Now, I could write on about all the details of RIP for the next 5 pages, but I'm not going to. Why? Well, for two reasons: 1) I was told not to, and 2) as much as I would like to go on and on about all of the cool, secretive, high speed stuff that goes on at RIP, there is no cool, secretive, high speed stuff that goes on at RIP. So instead, I'll give you a summary of the events that transpired during those three weeks, which led me to where I am now.
After the first week of RIP, I was doing great. A lot of people had been dropped, or just quit due to low PT (physical training) scores, or just lack of motivation, and those who had been around since the last class said that once you made it through the first week, you were home free. Just stay out of trouble and make the 12 mile road march. I knew I could make the march, and staying out of trouble was no problem. I was well on my way to being a Ranger.
By Tuesday, things were going fairly well, other than the fact that I was having a lot of pain in my hip. It had been hurting on and off for a while, but not this bad. I figured it was probably a pulled groin muscle, and I was constantly re-injuring it. All I had to do is complete the march on Thursday, and I would be done with all of the required tasks... I could hold on until then.
Thursday came early. We had started the march at 4:00am, and I was in agony. I kept up for about 3 or 4 miles before people began passing me and leaving me behind. I made it about 8 or 9 miles before they made me get on the truck because I was limping so bad. I told them that I could make it the rest of the way, but they said I would never make it in time. No big deal they said, I would be given a chance to make it up on Tuesday. No problem, I thought. We have the weekend off, so I can rest my injury and be ready by Tuesday.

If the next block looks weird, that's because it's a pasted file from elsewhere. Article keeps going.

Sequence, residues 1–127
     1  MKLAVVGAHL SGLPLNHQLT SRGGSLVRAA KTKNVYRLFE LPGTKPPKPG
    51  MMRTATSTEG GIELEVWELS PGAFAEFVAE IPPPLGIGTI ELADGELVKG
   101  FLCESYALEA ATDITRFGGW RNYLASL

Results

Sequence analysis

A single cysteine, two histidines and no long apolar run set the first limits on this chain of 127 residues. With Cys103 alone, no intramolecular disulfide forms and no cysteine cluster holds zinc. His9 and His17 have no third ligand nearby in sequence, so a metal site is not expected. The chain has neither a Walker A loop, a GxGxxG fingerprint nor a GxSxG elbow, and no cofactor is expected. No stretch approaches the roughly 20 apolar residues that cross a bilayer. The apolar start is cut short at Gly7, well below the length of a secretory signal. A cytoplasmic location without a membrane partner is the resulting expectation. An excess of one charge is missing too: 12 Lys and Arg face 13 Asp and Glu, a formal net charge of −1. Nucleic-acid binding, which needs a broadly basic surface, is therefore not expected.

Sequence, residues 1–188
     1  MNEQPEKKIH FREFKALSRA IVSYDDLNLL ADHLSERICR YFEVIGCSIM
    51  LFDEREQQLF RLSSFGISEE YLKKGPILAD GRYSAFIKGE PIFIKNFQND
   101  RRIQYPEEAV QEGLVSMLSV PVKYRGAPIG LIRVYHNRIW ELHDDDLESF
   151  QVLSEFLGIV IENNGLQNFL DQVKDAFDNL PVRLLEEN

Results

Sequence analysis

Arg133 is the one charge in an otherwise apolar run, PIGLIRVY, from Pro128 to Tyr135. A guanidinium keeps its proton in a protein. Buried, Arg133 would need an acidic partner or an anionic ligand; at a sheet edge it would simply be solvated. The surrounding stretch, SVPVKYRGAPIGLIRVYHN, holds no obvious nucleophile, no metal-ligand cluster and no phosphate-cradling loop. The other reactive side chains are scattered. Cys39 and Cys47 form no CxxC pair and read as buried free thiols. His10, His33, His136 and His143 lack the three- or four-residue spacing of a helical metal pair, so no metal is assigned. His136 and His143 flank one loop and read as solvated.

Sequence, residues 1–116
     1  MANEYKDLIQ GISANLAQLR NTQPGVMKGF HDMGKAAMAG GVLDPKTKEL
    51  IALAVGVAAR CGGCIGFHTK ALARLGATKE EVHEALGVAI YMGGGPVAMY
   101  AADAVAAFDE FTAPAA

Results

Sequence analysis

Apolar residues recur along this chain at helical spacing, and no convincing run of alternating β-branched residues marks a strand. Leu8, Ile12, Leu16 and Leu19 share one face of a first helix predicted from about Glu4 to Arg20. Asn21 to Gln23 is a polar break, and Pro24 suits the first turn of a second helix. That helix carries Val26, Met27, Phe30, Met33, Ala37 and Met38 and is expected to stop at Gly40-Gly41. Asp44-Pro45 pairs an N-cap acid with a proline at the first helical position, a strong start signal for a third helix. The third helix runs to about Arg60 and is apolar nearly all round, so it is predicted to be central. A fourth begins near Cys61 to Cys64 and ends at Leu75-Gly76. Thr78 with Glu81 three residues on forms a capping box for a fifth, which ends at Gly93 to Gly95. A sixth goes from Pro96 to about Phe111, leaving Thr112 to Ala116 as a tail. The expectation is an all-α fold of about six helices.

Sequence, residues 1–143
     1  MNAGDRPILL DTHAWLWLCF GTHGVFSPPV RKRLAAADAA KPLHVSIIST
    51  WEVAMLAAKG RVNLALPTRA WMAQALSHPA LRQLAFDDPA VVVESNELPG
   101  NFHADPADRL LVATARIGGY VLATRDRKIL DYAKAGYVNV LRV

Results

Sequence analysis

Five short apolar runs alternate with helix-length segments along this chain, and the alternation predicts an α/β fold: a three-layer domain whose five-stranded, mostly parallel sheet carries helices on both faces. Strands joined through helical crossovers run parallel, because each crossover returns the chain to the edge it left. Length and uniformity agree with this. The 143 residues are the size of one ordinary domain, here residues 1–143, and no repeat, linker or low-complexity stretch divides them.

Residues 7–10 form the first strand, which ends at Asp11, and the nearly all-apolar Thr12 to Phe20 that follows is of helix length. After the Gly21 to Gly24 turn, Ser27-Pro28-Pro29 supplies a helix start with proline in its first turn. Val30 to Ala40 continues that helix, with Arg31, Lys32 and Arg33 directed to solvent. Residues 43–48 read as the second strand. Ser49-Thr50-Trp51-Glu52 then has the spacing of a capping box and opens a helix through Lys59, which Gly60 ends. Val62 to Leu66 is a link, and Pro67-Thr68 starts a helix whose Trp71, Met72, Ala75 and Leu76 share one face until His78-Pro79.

Monday morning came way too soon, and when we started PT that morning, I knew I was in trouble. I was able to keep up on the run, but when I had to carry another soldier up a hill on my back, I knew that there was something VERY wrong. I was in a lot of pain, but all I had to do was make the march the next day.
Tuesday morning popped up, and all the Icy Hot and Motrin in the world wasn't going to help me make that march. I finally broke down and talked to the medic. He told me that he wasn't going to let me march anyway, after seeing how bad I was limping. I was sent to the hospital for X-rays.
The official result from the X-rays was a "medial femoral head fracture." I had a fracture on the top of my femur, right where it meets the pelvis. I was told that had I kept going with this injury any longer, I would probably have needed an entire hip replacement. Not exactly the kind of news you want to hear at the ripe old age of 28.